This year an important Amazon river tributary, the Rio Negro, fell to its lowest ever recorded level. Droughts are likely to occur more frequently and become more intense in the future due to climate change. Image: Rodrigo Baléia / Greenpeace

Severe drought could turn the Amazon rainforest into a source of carbon emissions contributing to climate change, rather than a carbon sink absorbing emissions. This is one of the alarming findings of a new study featured in Science, which has found that drought has again damaged the world’s largest rainforest. Unfortunately severe droughts like the one that occurred last year, and previously in 2005, fit the predictions of the climate change impacts we can expect for the Amazon. As climate change takes hold, we may see more extreme weather and more damaging droughts in the Amazon region, but we can also act to boost the resilience of the rainforest to these events.

The key to increasing the strength of forests to withstand drought and other climate impacts is to maintain and protect intact areas of forest. This means stopping deforestation, which makes the impacts of drought worse. Numerous studies show that deforestation chops forest into smaller and smaller fragments, and the edges of these fragments are drier than the interiors. The more fragmentation there is, the more dry edges there are and therefore the forest becomes even more vulnerable to drought and fire. Drought and fire then further fragment the forest, increasing its vulnerability even further – in a vicious cycle that weakens the forests ability to withstand the impacts of climate change.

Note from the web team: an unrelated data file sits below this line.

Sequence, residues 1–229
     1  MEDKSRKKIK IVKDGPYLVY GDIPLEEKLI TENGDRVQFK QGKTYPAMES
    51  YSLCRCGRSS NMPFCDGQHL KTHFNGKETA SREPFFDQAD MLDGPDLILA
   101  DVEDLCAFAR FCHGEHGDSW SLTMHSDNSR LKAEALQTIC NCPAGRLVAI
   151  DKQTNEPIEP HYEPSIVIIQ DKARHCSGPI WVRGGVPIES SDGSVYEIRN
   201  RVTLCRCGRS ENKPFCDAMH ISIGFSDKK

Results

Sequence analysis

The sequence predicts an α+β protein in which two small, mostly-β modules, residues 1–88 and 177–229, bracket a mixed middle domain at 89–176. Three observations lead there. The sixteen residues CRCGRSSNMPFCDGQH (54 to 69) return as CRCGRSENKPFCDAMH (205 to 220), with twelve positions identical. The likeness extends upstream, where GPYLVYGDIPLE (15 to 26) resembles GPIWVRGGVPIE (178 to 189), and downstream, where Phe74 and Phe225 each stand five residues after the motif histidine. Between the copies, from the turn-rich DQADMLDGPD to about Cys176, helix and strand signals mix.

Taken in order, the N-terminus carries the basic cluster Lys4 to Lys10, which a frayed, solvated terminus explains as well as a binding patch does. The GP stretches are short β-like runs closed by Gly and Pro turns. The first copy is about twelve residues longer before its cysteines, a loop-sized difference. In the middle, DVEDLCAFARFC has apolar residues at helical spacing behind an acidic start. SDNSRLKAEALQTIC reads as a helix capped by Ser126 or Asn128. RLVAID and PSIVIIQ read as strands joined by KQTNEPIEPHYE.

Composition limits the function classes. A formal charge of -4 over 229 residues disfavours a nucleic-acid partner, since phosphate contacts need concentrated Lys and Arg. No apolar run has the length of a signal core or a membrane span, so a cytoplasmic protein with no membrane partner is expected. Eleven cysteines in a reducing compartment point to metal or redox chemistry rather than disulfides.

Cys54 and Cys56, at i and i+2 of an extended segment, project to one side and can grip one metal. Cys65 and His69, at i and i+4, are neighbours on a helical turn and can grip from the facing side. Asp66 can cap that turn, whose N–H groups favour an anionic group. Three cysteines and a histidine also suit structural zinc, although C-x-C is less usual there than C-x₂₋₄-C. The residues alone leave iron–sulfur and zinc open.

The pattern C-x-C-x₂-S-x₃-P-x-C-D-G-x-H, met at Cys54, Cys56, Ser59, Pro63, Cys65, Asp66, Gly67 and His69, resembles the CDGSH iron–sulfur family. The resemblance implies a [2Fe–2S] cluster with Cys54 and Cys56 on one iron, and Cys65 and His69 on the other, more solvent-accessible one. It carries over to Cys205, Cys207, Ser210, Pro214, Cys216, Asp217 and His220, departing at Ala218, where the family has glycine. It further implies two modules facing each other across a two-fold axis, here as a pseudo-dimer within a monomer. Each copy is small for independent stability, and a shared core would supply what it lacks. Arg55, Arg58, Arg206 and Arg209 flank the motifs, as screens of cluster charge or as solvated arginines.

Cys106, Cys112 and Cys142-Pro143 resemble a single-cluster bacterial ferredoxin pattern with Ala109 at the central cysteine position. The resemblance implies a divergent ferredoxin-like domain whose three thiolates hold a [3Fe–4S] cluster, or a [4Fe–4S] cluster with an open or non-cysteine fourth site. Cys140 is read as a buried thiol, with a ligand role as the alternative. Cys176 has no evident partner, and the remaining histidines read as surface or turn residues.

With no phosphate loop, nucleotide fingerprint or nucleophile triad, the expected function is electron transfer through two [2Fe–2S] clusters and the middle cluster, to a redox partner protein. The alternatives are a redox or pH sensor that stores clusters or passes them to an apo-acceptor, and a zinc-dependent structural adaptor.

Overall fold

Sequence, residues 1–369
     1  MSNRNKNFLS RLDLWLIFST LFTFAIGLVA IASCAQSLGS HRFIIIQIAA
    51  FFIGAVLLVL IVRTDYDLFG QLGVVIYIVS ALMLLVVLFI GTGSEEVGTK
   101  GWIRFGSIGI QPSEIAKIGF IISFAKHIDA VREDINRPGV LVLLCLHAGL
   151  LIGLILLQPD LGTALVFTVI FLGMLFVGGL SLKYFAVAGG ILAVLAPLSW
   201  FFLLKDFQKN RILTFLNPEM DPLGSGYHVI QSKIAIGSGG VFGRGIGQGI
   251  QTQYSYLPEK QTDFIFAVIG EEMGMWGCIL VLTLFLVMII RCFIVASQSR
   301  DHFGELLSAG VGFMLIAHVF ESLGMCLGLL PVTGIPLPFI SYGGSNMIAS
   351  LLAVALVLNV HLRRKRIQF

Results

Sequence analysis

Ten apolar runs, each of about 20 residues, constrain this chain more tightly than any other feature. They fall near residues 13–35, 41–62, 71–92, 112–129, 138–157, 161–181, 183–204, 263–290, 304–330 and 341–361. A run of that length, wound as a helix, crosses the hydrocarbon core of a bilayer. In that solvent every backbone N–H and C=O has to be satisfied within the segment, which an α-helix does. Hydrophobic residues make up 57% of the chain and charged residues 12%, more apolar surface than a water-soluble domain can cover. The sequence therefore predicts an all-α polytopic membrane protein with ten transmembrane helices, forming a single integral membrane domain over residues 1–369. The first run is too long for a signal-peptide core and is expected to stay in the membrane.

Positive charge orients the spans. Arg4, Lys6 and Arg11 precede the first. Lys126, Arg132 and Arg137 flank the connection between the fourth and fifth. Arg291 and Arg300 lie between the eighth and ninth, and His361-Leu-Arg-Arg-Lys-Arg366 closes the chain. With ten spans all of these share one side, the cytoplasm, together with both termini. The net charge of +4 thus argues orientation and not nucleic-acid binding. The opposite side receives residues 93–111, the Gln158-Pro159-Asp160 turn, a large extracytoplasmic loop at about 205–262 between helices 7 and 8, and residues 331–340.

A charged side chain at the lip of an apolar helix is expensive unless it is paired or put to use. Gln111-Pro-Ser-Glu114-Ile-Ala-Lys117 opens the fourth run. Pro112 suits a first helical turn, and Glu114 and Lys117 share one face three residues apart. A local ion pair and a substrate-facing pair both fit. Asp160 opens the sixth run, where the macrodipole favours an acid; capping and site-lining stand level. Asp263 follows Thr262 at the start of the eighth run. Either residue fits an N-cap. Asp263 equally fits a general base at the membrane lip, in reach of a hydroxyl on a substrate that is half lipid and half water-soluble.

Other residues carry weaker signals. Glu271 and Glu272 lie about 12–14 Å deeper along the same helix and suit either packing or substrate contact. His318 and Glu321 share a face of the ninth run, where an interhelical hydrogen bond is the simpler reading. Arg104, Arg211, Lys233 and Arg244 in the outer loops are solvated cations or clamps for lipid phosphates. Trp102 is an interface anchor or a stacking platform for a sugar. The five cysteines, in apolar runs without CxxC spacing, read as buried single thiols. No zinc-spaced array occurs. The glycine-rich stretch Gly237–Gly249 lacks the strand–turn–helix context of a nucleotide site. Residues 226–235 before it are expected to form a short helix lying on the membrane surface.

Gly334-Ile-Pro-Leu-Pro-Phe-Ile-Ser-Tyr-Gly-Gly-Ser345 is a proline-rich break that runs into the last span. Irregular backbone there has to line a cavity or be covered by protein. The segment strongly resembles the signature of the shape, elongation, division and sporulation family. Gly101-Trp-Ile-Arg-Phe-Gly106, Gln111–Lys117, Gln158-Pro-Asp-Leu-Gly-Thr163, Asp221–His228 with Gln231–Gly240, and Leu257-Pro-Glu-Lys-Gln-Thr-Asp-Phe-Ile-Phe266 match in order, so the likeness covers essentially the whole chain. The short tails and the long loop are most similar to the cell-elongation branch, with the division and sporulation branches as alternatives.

It doesn’t stop there. Severe drought and resulting fires release carbon previously stored by the forest, thereby fuelling change. And the loss of forest makes the Amazon less effective in soaking up carbon from the atmosphere, a crucial role that forests play in slowing climate change. The impacts of climate change – such as severe drought – combined with deforestation threaten to transform the Amazon rainforest from a valuable asset in the fight to stop climate change - into a source of emissions that speed it up. Stopping deforestation will help to protect the Amazon and ensure it remains a valuable carbon sink that will help us mitigate the consequences of climate change.

Scientists agree that large continuous areas of intact forest are more resistant to climate change than small areas of degraded forests. They have more moisture to withstand extreme drought, and also act as better buffers against other climate impacts like severe storms. And, of course protecting the Amazon is also crucial to protecting biodiversity, since intact forest is also important for animals - especially for large mammals that need extensive areas to forage or hunt - and aids in the migration of species.

Roughly 80% of the Amazon forest remains intact. The alarming findings of this latest study only make it more clear how vital it is for us to protect this intact rainforest from deforestation and lessen the climate impacts, like severe droughts, that damage forests by reducing carbon emissions contributing to climate change.

[The report 'The 2010 Amazon Drought' in Science magazine: Lewis, S.L., Brando, P.M.,  Phillips, O.L. van der Heijden, G.M.F. &  Nepstad, D. 2011. The 2010 Amazon Drought. Science 331: 554. http://www.sciencemag.org/]